Chinese computer hackers have breached the Latvian Foreign Ministry website, it's been revealed.
A report from the New York Times on Dec. 10 shows hackers, reportedly state linked, eavesdropped on the computers of five European foreign ministries before last September's G20 Summit, which was dominated by the Syrian crisis,
The research by computer security firm FireEye Inc shows how hackers infiltrated the ministries' computer networks by sending emails to staff containing tainted files. Once recipients opened the documents, they loaded a malicious code onto their personal computers.
Though researchers do not name the hackers' targets in the report, The New York Times identified the foreign ministries through email addresses listed on the attackers’ web page.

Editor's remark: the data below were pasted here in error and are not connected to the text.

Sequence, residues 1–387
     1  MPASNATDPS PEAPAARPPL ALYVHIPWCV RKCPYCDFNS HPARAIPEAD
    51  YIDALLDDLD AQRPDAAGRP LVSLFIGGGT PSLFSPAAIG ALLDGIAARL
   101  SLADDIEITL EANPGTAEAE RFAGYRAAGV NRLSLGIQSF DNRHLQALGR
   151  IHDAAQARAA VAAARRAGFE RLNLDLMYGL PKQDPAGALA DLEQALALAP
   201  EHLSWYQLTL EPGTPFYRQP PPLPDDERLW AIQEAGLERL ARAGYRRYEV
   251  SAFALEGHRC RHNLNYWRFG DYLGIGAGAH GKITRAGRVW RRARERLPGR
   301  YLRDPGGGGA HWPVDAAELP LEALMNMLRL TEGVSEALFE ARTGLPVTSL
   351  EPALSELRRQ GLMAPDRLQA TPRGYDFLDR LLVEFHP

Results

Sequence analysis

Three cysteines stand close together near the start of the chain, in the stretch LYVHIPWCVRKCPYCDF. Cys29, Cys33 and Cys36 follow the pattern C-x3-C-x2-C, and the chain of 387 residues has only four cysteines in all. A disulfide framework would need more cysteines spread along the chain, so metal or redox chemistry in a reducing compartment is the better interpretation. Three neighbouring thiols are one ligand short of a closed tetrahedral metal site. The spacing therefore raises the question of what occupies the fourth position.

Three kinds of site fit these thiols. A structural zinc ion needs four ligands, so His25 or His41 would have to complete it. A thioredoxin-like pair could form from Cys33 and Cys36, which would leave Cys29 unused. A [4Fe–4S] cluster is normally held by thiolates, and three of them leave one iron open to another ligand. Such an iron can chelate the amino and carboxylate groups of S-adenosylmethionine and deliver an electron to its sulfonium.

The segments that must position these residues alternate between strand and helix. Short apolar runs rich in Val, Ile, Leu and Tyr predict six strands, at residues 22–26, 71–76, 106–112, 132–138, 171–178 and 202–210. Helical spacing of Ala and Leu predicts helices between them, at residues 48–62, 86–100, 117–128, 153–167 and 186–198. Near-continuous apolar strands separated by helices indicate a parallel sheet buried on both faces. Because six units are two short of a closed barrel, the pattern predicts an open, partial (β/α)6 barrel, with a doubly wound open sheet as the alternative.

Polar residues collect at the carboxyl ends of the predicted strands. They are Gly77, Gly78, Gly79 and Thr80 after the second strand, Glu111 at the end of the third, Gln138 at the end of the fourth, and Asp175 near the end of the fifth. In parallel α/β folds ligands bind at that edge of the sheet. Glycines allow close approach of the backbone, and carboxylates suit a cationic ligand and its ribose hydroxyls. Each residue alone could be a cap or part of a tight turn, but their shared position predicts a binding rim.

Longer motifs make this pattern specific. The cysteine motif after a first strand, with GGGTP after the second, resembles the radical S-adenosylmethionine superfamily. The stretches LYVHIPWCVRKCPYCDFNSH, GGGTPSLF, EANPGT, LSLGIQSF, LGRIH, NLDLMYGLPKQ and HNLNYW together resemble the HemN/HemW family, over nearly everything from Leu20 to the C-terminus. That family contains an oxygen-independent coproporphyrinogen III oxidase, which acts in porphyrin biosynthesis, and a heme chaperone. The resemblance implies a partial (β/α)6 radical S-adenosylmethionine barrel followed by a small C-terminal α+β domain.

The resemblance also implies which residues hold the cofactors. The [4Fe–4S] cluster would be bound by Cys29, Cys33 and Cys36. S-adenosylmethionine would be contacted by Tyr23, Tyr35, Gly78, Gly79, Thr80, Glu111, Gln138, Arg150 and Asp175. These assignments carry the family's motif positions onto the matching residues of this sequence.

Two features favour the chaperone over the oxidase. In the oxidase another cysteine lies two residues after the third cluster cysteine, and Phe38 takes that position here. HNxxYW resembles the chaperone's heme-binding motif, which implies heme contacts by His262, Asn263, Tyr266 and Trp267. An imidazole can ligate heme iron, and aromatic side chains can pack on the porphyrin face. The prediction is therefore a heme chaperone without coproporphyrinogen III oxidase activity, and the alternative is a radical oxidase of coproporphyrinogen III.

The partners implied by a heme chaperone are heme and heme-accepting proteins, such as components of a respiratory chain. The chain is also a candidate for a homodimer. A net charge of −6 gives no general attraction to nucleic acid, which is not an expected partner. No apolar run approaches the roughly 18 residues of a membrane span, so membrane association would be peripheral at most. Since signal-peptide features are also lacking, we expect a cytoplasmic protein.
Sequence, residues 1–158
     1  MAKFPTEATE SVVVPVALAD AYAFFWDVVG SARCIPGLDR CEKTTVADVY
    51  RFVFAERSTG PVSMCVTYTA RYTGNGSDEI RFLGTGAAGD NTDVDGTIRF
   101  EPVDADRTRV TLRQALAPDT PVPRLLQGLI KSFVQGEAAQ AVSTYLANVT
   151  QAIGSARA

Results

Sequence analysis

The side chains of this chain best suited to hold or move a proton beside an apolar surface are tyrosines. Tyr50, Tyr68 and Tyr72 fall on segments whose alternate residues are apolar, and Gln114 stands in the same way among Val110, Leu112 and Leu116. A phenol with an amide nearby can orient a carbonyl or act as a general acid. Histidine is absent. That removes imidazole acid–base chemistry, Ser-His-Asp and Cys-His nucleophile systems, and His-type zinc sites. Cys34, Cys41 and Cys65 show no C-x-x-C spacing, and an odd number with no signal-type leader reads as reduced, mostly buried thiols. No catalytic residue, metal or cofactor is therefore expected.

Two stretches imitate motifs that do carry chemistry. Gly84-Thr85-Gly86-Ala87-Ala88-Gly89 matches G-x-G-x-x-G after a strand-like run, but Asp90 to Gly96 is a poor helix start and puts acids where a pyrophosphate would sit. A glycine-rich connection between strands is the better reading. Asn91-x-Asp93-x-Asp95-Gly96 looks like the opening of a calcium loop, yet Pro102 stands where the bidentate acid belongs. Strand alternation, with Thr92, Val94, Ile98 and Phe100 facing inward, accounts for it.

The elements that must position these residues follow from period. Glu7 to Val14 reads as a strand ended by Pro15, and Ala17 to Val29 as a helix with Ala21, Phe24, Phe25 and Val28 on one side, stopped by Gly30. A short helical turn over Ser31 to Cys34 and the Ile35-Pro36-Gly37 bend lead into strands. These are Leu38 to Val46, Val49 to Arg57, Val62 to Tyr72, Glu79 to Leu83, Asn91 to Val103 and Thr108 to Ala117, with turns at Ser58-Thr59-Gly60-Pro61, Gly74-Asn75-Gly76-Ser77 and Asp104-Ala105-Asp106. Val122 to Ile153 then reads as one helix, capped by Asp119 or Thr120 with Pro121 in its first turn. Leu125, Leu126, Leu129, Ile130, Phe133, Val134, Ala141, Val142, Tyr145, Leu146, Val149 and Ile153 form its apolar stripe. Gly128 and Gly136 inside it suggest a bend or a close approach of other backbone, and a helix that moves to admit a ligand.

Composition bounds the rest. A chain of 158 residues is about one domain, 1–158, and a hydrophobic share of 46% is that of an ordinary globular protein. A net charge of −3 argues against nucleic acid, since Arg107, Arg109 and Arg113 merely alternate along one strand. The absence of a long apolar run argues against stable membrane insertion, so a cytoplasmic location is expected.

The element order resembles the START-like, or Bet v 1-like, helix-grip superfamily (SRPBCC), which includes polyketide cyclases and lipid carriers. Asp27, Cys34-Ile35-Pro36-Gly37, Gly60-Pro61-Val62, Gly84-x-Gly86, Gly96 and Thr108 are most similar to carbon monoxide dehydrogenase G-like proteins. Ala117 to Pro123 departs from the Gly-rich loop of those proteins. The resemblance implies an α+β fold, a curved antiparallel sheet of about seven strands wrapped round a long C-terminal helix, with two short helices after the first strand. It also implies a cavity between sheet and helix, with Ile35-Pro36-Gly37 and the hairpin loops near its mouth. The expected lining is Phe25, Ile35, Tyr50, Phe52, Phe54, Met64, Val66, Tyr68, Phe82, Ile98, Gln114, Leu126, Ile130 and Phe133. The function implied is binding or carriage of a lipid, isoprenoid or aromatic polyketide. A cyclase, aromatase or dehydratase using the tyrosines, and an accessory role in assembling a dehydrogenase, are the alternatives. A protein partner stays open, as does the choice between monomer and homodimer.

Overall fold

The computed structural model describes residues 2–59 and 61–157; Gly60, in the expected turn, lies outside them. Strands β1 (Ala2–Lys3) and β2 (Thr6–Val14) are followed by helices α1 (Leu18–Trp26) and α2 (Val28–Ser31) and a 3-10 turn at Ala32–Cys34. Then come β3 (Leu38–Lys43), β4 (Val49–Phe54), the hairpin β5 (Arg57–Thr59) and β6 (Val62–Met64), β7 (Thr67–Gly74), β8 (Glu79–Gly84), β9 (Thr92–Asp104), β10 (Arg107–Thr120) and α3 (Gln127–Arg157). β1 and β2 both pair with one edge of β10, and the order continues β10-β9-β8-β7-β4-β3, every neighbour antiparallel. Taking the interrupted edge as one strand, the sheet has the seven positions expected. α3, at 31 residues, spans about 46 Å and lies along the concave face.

According to the newspaper, computer breaches at the foreign ministries of the Czech Republic, Portugal, Bulgaria, Latvia and Hungary have been traced to the hackers.
The report does not link the attacks to a specific group in China, but security experts say the list of victims points to a state-affiliated campaign.
China’s Foreign Ministry officials have said China does not sanction hacking, and is itself a victim of hacking attacks. A spokesman for the Chinese Foreign Ministry did not return a request for comment on Monday, the New York Times reports.
Rob Rachwald, FireEye’s senior director of research, said the company had witnessed other campaigns in which attackers had broken into foreign ministries and think tanks to steal early drafts of policy papers specifically related to China.
Mr. Rachwald said FireEye had notified the latest victims but that in many cases they only deployed bare basic computer security defenses in response.